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RBA to push back taper

With New South Wales today declaring a “national emergency” in response to the worsening outbreak of the highly contagious Delta variant, we now expect the Reserve Bank of Australia to play its part by keeping bond purchases at $5bn per week until November.
Marcel Thieliant Senior Japan, Australia & New Zealand Economist
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Australia & New Zealand Chart Book

Consumption to surge even as real incomes fall

We now expect Australia’s inflation to rise by more than 6% this year. Even allowing for an acceleration in earnings growth and a further solid rise in employment as immigration resumes, that will result in the first annual fall in real household disposable income since the early 1990s. By contrast, we expect gains in nominal disposable income to continue to stay ahead of increases in consumer prices in New Zealand. Even so, we expect Australia’s real consumption growth to outpace New Zealand’s this year, for two key reasons. First, consumer spending in Australia has only just started to surpass its pre-virus peak but is already well above that watermark in New Zealand. Accordingly, there’s more scope for catch-up in Australia. Second, consumer confidence in Australia has softened but has collapsed in New Zealand, where it reached an all-time low in March. We’ve pencilled in a 6% rise in Australia’s consumption this year, well above our forecast of a 2.8% rise in New Zealand. ANZ Drop-in (18th May, 07:00 BST/14:00 SGT): Join economists from our Australia and Markets services shortly after the release of Q1 labour market data for a discussion about the Australian growth, inflation and monetary policy outlook. Register now.

17 May 2022

Australia & New Zealand Economics Weekly

Minimum wage to rise by 4% this year

Suggestions by Labor leader Albanese that minimum wage increases in line with inflation plus productivity growth are sustainable are wide of the mark at a time when consumer prices are rising twice as fast as the RBA would like them to. But with even employers supporting a large minimum wage hike, we now expect the Fair Work Commission to lift the minimum wage by 4% next month. While that would reduce the hit to household incomes from soaring living costs, it would add to the upward pressure on inflation. ANZ Drop-in (19th May, 07:00 BST/14:00 SGT): Join economists from our Australia and Markets services shortly after the release of Q1 labour market data on 18th May for a discussion about the Australian growth, inflation and monetary policy outlook. Register now.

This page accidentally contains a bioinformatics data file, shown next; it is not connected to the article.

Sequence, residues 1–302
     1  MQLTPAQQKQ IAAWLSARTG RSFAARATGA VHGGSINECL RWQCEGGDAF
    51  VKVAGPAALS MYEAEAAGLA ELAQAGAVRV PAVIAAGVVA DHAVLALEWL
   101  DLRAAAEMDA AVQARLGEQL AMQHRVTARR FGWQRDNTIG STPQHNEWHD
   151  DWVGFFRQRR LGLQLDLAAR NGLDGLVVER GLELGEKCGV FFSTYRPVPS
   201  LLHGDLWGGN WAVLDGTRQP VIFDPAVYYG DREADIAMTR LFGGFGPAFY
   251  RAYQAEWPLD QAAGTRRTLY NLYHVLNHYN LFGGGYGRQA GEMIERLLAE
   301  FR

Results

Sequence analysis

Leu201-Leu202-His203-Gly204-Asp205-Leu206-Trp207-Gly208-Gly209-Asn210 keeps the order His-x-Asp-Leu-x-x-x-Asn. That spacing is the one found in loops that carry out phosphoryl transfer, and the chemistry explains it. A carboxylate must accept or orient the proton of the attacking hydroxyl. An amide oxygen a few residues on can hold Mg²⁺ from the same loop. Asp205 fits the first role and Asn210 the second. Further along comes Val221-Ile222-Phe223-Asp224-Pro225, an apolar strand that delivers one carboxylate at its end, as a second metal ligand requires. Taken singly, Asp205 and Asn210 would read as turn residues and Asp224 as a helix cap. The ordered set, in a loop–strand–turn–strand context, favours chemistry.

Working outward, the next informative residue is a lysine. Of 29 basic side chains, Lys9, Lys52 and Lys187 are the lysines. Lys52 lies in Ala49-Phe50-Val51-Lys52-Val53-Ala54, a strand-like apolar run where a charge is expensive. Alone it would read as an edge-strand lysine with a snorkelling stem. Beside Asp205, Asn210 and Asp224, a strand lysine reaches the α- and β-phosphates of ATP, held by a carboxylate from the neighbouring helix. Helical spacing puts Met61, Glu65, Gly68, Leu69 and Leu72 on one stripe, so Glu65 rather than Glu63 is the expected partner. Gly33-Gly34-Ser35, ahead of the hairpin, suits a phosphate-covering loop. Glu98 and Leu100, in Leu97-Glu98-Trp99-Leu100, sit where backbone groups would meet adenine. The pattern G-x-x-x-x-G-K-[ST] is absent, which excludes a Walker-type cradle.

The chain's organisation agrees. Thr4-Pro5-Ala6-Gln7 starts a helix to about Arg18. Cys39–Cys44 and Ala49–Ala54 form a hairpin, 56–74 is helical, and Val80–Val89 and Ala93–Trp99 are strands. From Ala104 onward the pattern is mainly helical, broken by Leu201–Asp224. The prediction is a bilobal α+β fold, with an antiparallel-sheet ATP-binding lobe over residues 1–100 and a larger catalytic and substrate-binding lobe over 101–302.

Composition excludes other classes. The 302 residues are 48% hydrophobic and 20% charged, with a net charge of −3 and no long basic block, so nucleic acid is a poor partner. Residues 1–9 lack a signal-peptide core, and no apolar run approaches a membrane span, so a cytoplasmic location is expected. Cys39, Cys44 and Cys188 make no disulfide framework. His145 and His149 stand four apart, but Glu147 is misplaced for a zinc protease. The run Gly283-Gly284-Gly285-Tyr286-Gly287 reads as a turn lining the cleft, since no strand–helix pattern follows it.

13 May 2022

Australia & New Zealand Economics Update

New Zealand - Wage growth will rise further before it falls

The 6% rise in the minimum wage will help lift wage growth further this year. But a loosening labour market and smaller minimum wage hikes in the years ahead will facilitate a slow down in wage growth from next year. Markets Drop-In (11th May, 10:00 EDT/15:00 BST): We’re discussing our Q2 Outlook reports and what they say about the potential performance of bonds, equities and FX rates as inflation peaks in a special 20-minute briefing on Wednesday. Register now.

11 May 2022

More from Marcel Thieliant

Australia & New Zealand Economics Update

Australia - Vaccine rollout has yet to alter health situation

With Sydney tightening its lockdown and the one in Victoria set to be extended, we now expect GDP to shrink by 0.5% q/q in Q3. The vaccine rollout isn’t advanced enough yet to ease the medical situation meaningfully, but it is set to keep accelerating and render lockdowns obsolete by the end of the year.

19 July 2021

Japan Economics Update

Bank shifting focus away from emergency response

The Bank of Japan today unveiled the details of its green lending facility, underlining that its focus is now moving away from addressing the pandemic towards longer-term structural issues.

16 July 2021

Australia & New Zealand Economic Outlook

Central banks to tighten as bust turns to boom

Sydney’s lockdown will keep a lid on Australia’s recovery for now, but booming housing markets should support consumer spending and dwellings investment in both countries. We don’t expect labour shortages to ease much when the border opens, so wages growth may finally accelerate. That should prompt the RBNZ to start hiking rates next month and the RBA to follow in 2023.

15 July 2021
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